Were you cringing in your seat listening to the testimony of Rachel Jeantel during the George Zimmerman trial?

Did you scream at the television as she sparred with the defense attorney during cross-examination?

Did you find yourself cheering her on? Or were you embarrassed by her demeanor, attitude, frustration, facial expressions?

Did you wonder why public schools are failing our children?

Did it make you feel like we have soooooooo much work to do in our communities?

These are just some of the questions I had in my head during the testimony of Witness #8, the key witness for the prosecution in the State of Florida v. George Zimmerman trial in Sanford, Fl. .

Jeantel was on the phone with Trayvon Martin right before he was shot and killed by Zimmerman (who is claiming it was self-defense). She was the last person to speak to Martin before he died and her testimony is crucial.

Did she know how crucial her testimony was to this case? Had she been prepared properly to take the stand by the prosecuting attorneys? Why would she be so hostile towards the defense attorneys?

I will tell you why: Because she would rather have been any other place on the planet than in court testifying about the night her childhood friend was gunned down.

And in the end, all of those things I mentioned above don’t matter.

Jeantel is not on trial! Her attitude is not on trial! Her low tone of voice and mumbling diction is not on trial! Her admitted inability to read cursive handwriting is not on trial!

ZIMMERMAN is on trial, and the testimony she provided relating to what she heard the night she was on the phone with Martin is the only information we need from her.

So, I ask: Did she deliver the testimony needed to establish that Zimmerman was profiling and stalking Trayvon? That Zimmerman was the aggressor? Did she shed any light on the events of the night of Feb. 26th that will negate the assertion that he was acting in self-defense?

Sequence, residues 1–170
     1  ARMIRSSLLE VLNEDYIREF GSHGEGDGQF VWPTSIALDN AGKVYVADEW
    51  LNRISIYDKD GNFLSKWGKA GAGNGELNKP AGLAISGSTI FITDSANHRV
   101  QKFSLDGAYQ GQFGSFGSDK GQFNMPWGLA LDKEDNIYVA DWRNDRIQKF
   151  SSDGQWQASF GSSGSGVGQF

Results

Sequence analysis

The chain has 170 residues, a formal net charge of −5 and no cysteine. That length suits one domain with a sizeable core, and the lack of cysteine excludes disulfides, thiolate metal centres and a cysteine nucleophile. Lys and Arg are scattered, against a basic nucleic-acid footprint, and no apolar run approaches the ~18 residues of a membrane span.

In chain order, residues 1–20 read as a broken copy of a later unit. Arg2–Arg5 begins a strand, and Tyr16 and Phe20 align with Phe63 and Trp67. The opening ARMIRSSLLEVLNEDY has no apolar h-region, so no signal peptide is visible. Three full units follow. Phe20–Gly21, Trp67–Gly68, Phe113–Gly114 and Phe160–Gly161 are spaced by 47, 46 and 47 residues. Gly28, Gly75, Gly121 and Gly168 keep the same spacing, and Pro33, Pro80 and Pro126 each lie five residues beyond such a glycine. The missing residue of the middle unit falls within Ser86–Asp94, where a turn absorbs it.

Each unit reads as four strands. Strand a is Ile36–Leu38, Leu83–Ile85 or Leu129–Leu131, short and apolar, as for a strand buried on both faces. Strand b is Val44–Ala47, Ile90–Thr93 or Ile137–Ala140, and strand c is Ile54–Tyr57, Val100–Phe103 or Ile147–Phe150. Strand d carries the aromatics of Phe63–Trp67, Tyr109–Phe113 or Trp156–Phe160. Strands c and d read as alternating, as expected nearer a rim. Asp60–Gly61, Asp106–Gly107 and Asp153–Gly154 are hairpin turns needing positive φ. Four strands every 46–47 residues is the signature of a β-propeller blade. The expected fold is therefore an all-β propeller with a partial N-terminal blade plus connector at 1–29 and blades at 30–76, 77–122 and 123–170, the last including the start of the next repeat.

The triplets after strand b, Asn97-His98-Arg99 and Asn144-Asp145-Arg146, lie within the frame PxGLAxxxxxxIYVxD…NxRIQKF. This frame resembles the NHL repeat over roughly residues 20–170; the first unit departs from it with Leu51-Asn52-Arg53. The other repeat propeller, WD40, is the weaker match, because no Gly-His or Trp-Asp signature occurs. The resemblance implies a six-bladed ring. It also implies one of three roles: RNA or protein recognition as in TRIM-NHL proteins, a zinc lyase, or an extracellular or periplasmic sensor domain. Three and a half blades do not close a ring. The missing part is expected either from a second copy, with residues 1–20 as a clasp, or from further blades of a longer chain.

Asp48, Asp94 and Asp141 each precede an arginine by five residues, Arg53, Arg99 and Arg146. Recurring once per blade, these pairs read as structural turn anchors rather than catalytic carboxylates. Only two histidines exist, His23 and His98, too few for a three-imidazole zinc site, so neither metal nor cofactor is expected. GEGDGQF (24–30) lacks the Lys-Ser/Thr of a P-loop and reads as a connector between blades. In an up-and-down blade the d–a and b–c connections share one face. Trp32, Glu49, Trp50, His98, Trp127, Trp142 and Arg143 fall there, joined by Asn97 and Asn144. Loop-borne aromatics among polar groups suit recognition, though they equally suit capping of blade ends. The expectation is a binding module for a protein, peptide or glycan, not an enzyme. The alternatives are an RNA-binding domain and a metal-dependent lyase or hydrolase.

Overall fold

My answer is YES!

What Jeantel did for the prosecution was establish that Martin was being followed and he was creeped out by it!

So much so he even called Zimmerman a “creepy ass cracker” – which establishes Trayvon was nervous, scared and worried; not that he was tossing racial slurs back and forth with Zimmerman or that he was a racist himself.

She establishes that the unarmed 17-year-old was trying to get his dad’s fiancee’s townhouse fast, and was running to avoid the scary stalker.

When they got disconnected, Jeantel called Martin back and he sounded tired from having been running and starting to walk fast (which may have been how he ended up confronting Zimmerman.

Jeantel established that she heard Martincreaming “Get off! Get Off!” ALL STRONG TESTIMONY FOR THE PROSECUTION!

Of course, the defense jumped all on top of her credibility, poking holes in her testimony, pointing out times when she may have lied about her age or where she was. The defense took potshots at her comprehension of her town testimony, and tried to change her words to fit the story they are trying to tell.


The expensive suits that scream “we are not from the same place!” the sophisticated legal-language-projecting in the courtroom and the condescending nature of the defense attorney’s tone was enough to make any person crumble; but Jeantel handled the grilling as best she could.

And on her second day of testimony she seemed more reserved, adding the word “Sir” after answering any question asked by the defense. (That gesture alone was a signal that someone told her to clean up her act on the stand).

And I chuckled each time she said, “No, sir.” Because the addition of “Sir” at the end of every answer did not change Jeantel at all, it just made for great TV.

Regardless of your feelings about Jeantel, her circumstance or her testimony, it only matters what the jury made up mostly of white women and mothers feel about this young girl.

I believe some will have compassion for her and believe her statements to be relevant and persuasive. Others will judge her circumstance and dismiss her as a liar.

We will have to wait and see…

Mo Ivory, CBS Local


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